"The crime of state-to-state aggression was discussed at the review conference of the international criminal court (ICC), which I attended in Uganda last week. It reminded me of the classic description of US political dealmaking in action: like watching sausages being made. Various options were sliced and diced, sometimes beyond recognition, and the result was not necessarily attractive. The convenor of the working group on aggression, Prince Zeid of Jordan, sought to find consensus, or at least promote compromise, among divergent state and non-state parties speaking in the working group. As the debates wore on, the plenary discussions were repeatedly suspended in order to facilitate bilateral and smaller multilateral negotiations. Plenary sessions were held past midnight on Thursday and Friday, with a final agreement secured early on Saturday morning. The result, in short, was a definition of a crime, but no operative mechanism for punishing it. The stakes could not have been higher in discussions that could result in adding aggression to the list of crimes over which the ICC can exercise jurisdiction. ... Yet the discussion in Kampala nearly obscured the importance of addressing aggression in a slow, complex deliberation of what appear to be technical legal issues. [...]"

Israel / Palestine

Israel Promises to Ease Its Three Year Blockade of Gaza
The Times, June 14, 2010
"Tony Blair announced today that Israel would agree to re-open crossings into Gaza for everyday goods within days, bringing to an end its strict three-year crackdown on supplies. The Middle East envoy said that Binyamin Netanyahu, Israeli Prime Minister, had agreed in principle to change its current approach -- deemed illegal today by the International Committee for the Red Cross (ICRC) -- by drawing up a list of specifically prohibited items to replace the current narrow list of permitted goods. Mr. Blair also welcomed Mr. Netanyahu's announcement last night of an inquiry into its bloody storming last month of an aid flotilla. Israel has appointed Lord Trimble, the former First Minister of Northern Ireland, as one of two international observers to its inquiry being held by a senior Israeli judge.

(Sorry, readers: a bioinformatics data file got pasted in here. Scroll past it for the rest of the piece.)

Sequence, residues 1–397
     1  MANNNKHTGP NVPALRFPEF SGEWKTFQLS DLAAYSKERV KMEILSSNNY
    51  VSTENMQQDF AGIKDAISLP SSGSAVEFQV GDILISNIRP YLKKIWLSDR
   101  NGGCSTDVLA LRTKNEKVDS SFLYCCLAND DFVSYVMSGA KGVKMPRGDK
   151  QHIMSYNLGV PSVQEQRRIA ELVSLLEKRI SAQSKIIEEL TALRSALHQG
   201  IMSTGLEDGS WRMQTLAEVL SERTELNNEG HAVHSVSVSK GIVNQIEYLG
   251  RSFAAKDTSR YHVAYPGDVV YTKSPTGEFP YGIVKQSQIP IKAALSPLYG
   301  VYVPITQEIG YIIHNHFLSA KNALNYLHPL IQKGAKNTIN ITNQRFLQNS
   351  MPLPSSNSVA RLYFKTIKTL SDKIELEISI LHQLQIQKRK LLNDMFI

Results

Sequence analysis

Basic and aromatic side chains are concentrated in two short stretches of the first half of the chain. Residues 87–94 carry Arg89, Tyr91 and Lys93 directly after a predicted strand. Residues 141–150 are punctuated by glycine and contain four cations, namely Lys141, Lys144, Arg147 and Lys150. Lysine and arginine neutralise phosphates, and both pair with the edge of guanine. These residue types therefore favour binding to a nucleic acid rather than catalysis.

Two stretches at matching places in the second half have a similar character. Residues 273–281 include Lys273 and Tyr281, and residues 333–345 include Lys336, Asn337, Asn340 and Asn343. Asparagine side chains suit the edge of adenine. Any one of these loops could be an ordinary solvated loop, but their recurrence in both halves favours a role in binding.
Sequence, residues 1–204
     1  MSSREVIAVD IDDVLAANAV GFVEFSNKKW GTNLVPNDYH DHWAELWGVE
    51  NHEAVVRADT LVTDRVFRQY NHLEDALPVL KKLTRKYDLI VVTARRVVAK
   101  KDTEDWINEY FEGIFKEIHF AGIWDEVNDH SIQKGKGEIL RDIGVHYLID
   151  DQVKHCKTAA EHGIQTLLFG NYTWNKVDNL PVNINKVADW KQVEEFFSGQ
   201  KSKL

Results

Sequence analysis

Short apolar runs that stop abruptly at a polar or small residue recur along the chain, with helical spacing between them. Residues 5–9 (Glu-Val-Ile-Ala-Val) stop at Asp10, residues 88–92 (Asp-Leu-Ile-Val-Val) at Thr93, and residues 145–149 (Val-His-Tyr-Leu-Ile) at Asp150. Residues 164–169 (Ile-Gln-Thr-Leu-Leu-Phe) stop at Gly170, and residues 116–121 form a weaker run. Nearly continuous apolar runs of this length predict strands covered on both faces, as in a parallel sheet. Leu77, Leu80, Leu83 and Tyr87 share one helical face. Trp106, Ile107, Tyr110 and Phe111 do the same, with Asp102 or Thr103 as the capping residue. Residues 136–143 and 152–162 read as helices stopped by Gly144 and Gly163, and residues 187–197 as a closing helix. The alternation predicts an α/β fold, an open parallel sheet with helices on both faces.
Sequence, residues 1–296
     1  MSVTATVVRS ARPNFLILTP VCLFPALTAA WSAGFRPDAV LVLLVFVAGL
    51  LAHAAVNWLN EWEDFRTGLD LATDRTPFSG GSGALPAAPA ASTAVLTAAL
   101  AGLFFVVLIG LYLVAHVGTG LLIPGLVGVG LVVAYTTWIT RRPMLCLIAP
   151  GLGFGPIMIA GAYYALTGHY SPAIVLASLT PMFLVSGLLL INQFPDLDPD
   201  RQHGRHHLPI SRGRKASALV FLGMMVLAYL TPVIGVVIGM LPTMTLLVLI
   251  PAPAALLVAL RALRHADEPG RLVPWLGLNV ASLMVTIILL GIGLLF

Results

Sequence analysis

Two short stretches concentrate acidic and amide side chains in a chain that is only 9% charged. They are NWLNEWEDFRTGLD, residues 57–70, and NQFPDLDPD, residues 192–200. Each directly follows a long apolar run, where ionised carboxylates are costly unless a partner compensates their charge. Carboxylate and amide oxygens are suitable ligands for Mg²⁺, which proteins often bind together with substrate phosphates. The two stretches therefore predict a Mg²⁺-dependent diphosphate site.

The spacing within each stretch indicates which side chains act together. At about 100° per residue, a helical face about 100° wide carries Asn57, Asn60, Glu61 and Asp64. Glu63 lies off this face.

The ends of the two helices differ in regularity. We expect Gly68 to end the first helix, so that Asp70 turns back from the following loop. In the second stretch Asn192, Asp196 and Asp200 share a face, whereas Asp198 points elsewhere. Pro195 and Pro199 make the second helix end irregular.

Israel / Palestine

ICRC Says Israel's Gaza Blockade Breaks Law
By Imogen Foulkes
BBC Online, June 14, 2010
"Israel's blockade of Gaza is a clear violation of international humanitarian law, the International Committee of the Red Cross (ICRC) has said. In a statement, the ICRC describes the situation in Gaza as dire, saying the only sustainable solution is a lifting of the blockade. It says Israel is punishing the whole civilian population of Gaza. It also urges Hamas movement to allow ICRC delegates to visit a detained Israel soldier Gilad Shalit. The ICRC, a traditionally neutral organisation, paints a bleak picture of conditions in Gaza: hospitals short of equipment, power cuts lasting hours each day, drinking water unfit for consumption. 'The whole of Gaza's civilian population is being punished for acts for which they bear no responsibility. The closure therefore constitutes a collective punishment imposed in clear violation of Israel's obligations under international humanitarian law,' the agency said in the statement. And the ICRC blames differences between Hamas and the Palestinian Authority for some of Gaza's shortages. But the key message from the body which rarely publicly criticises governments is that Israel's blockade of Gaza must be lifted. [...]"
[See the complete text of the ICRC statement.]

Iraq / United States / Ecocide

America Leaves Iraq a Toxic Legacy of Dumped Hazardous Materials
By Oliver August
The Times, June 14, 2010
"American troops going home from Iraq after seven painful years are leaving behind a legacy that is literally toxic. An investigation by The Times in five Iraqi provinces has found that hazardous material from US bases is being dumped locally rather than sent back to America, in clear breach of Pentagon rules. North and west of Baghdad, engine oil is leaking from 55-gallon drums into dusty ground, open acid canisters sit within easy reach of children, and discarded batteries lie close to irrigated farmland. A 2009 Pentagon document shown to The Times by a private contractor working with US soldiers mentions 'an estimated 11 million pounds [5,000 tonnes] of hazardous waste' produced by American troops. But even this figure appears to be only a partial estimate.


Kyrgyz Gangs Accused of 'Genocide' as Death Toll Rises
By Shaun Walker
The Independent, June 14, 2010
"In the worst ethnic violence this Central Asia nation has seen in 20 years, marauding Kyrgyz gangs were last night accused of 'committing genocide,' burning ethnic Uzbeks out of their homes and embarking on a three-day rampage of killing, which some human rights activists on the scene estimated has killed more than 500 people. Uzbekistan's Emergencies Ministry said that more than 75,000 people -- mainly women, children and the elderly -- had fled across the border to escape the rampage of killing, which began in Kyrgyzstan's second city of Osh and across the south to Jalalabad. Speaking from behind the barricades he had erected to protect his home, Takhir Maksitov of the human rights group Citizens Against Corruption said he believed there could be a political dimension to the slaughter. 'This is genocide, because there are many Uzbeks here, and if we were to create our own party and go to the polls ...' he told Reuters,